Letters for the Anxious Person: Food for Thought
Living with an anxiety disorder extends far beyond the emotional symptoms of worry and panic. Anxious emotions can seize control of our thoughts and make it impossible for those suffering to think clearly and make decisions. In particular, I have found that anxiety will impact the decisions that those suffering make about their nutrition, which, in turn, aggravate their symptoms of anxiety.
Oftentimes, anxious people experience difficulty sleeping. It is actually part one of the criteria that doctors use when diagnosing someone with anxiety. People may notice a hard time falling asleep, staying asleep or that they wake up too early or exhausted. This often leads to a realiance on coffee or other stimulants to maintain their energy throughout he day, which, once again, can affect sleep quality.
In addition, taking a brain that is already overwhelmed by life and adding caffeine to the formula can be a recipe for disaster.
The stimulant effects of caffeine can lead to an increase in symptoms of irritability and frustration. This can make it difficult to get through a workday, spend quality time with family, and accomplish simple tasks. This also affects anxiety sufferers in their social life; I am convinced that the irritability that anxious people struggle with is a common cause for them to be misunderstood in social settings.
A great alternative to coffee for energy is switching over to green tea. Green tea contains moderate amounts of caffeine, but it’s also packed with brain protecting antioxidants and a calming amino acid called L-theanine. The combination of caffeine and L-theanine helps people with a propensity towards anxiety feel calm and collected while still experiencing the focus that they benefit from when drinking coffee.
People who experience uncontrolled anxiety may also notice that they generally can describe themselves as feeling overwhelmed. They may notice that they’re restless, always anticipating the next catastrophe. When our brain is in that state, it’s in need of calming neurotransmitters. One major calming neurotransmiter is the rewarding and feel good neurotransmitter called dopamine. Remember in my last letter when I told you about the part of the brain called the amygdala and the role it plays in anxiety? New research is finding that anxious people have lower levels of dopamine activity in their amygdalas. One simple way that humans increase dopamine levels is by consuming sugar! This may explain why anxious individuals reach out for sugary foods throughout the day as a way to self-soothe. I often check in with my patients about whether they struggle with a sugar addiction to determine their current level of mental wellness. I tend to emphasize the importance of reducing the anxiety prior to removing sugar from the diet. I find that people tend to crash when you take away their one source of comfort, which for many is sugary treats.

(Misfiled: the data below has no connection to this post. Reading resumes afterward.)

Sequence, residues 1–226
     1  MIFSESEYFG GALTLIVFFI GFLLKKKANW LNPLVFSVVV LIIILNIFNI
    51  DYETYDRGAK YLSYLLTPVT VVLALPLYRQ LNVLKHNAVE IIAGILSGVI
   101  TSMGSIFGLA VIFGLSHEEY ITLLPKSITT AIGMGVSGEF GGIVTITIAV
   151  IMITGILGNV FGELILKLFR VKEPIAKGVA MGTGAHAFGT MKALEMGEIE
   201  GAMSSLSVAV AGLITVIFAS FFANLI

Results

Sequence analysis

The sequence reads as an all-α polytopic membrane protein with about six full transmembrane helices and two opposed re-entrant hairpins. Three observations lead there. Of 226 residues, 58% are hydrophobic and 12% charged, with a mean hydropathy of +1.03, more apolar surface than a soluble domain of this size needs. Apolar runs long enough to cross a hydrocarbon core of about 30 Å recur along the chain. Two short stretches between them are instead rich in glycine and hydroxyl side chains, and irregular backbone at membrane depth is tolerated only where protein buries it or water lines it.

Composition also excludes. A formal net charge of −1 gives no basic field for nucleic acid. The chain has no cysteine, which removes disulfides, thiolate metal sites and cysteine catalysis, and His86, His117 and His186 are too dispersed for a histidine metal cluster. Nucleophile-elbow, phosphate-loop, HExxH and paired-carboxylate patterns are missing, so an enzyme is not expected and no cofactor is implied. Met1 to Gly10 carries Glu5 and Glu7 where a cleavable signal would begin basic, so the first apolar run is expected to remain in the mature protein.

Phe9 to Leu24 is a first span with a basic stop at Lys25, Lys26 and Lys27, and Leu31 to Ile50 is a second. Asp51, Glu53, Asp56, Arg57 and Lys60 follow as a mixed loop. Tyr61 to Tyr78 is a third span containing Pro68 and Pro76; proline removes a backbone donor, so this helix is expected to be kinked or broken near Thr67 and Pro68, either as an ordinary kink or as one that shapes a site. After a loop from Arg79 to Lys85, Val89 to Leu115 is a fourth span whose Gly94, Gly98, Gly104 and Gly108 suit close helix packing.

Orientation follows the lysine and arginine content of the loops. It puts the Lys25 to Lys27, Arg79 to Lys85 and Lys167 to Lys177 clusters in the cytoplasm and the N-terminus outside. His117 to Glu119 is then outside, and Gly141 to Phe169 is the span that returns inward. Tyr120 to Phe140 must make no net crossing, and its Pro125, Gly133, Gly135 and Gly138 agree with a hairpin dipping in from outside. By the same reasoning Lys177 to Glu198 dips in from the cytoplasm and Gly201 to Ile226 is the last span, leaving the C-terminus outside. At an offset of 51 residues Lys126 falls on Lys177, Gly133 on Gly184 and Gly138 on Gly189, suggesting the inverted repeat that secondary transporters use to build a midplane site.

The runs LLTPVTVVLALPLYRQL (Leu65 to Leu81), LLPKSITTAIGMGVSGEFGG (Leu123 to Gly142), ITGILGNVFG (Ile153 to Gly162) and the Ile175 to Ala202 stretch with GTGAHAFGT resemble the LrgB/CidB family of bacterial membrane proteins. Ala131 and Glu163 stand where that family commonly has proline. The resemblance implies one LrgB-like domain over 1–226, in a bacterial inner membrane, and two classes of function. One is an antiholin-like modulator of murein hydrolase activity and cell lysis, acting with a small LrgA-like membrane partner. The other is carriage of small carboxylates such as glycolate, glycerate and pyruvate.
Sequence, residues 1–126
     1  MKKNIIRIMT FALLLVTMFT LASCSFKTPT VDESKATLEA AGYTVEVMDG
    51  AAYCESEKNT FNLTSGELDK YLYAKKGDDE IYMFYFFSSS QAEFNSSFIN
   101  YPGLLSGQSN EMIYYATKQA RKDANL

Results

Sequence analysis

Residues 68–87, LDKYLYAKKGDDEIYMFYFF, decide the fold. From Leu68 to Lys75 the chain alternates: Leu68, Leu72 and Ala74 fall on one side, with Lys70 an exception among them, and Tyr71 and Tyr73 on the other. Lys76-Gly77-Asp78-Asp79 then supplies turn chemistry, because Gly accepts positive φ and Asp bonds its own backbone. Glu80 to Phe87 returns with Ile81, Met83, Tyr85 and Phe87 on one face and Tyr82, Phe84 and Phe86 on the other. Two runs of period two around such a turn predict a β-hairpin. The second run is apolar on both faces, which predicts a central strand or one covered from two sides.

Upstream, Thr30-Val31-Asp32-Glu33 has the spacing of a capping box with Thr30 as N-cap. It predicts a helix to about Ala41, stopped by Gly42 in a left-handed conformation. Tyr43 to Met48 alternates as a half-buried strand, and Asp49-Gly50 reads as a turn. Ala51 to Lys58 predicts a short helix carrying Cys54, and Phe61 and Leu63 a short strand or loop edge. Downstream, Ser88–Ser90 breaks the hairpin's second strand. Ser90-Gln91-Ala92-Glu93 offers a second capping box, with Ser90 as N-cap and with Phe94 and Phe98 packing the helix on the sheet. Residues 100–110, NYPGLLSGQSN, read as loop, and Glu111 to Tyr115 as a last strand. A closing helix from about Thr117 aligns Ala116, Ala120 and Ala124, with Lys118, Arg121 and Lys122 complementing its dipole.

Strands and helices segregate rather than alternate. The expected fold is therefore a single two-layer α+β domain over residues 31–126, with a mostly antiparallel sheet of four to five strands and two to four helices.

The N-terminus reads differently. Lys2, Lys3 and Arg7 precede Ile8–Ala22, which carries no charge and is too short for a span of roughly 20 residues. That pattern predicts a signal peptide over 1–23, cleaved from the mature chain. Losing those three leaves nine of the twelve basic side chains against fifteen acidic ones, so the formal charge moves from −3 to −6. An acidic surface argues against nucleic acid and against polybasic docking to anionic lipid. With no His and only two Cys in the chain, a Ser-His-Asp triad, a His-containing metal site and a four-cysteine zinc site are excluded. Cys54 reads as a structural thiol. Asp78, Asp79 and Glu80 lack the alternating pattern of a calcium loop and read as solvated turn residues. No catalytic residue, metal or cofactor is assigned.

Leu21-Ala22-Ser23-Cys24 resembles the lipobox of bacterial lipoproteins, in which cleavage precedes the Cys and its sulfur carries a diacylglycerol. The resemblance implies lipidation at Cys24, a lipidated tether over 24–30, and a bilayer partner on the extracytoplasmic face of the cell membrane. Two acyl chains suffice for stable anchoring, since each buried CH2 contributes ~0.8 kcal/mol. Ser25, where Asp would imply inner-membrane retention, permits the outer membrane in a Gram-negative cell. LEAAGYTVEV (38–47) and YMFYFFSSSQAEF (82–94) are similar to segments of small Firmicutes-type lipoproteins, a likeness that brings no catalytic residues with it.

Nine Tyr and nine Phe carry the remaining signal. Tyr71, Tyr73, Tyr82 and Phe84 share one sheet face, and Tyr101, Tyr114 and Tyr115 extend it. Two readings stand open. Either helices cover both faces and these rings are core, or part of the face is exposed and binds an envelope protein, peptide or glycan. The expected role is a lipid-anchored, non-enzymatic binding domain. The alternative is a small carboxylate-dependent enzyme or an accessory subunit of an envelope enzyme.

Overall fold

A nice alternative to processed sugars is to make the switch over to whole-food sources of sugar. Some examples are fruits, like blueberries, strawberries, kiwis, and sweet vegetables, including beets, carrots and sweet potatoes.
Finally, I’ve seen time and time again that the anxious brain tends to crave alcohol at the end of the day. After 12-16 hours of living in a state of frustration, irritability, and fear, people are looking for a quick and effective way to wind down. Many people with anxiety may use alcohol to feel comfortable in social settings, too. While it seems like 1-2 drinks can’t hurt, on a regular basis these drinks can lead to a deficiency in B vitamins, which are important for neurological functioning. Alcohol is also a depressant, so it can cause someone with anxiety to experience extreme lows that contribute to higher levels of rebound anxiety once the alcohol effects wear off.
A great alternative to alcohol is choosing to drink calming herbal teas such as chamomile, tulsi, or peppermint tea. These are called “nervine” herbs, which help to support the nervous system and reduce symptoms of anxiety.
Think about the decisions that your anxiety causes you to make about nutrition. Are any of them similar to those listed above?
Please feel free to write back (comment below),
Dr. K. Virdee
P.S. Stay tuned for my letter next week on how anxiety impacts digestive function.